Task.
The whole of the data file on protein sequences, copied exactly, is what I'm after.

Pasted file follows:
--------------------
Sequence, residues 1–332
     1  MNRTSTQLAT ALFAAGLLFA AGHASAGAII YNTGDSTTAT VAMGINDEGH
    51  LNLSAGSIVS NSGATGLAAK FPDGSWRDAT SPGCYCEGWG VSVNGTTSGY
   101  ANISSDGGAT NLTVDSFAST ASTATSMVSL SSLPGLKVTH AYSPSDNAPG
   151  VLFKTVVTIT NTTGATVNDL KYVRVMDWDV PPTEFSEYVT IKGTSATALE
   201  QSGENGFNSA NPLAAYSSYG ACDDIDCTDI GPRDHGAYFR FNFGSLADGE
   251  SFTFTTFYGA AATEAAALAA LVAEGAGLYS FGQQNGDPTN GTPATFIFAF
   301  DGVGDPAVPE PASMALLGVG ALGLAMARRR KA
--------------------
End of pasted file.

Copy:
Sequence, residues 1–332
     1  MNRTSTQLAT ALFAAGLLFA AGHASAGAII YNTGDSTTAT VAMGINDEGH
    51  LNLSAGSIVS NSGATGLAAK FPDGSWRDAT SPGCYCEGWG VSVNGTTSGY
   101  ANISSDGGAT NLTVDSFAST ASTATSMVSL SSLPGLKVTH AYSPSDNAPG
   151  VLFKTVVTIT NTTGATVNDL KYVRVMDWDV PPTEFSEYVT IKGTSATALE
   201  QSGENGFNSA NPLAAYSSYG ACDDIDCTDI GPRDHGAYFR FNFGSLADGE
   251  SFTFTTFYGA AATEAAALAA LVAEGAGLYS FGQQNGDPTN GTPATFIFAF
   301  DGVGDPAVPE PASMALLGVG ALGLAMARRR KA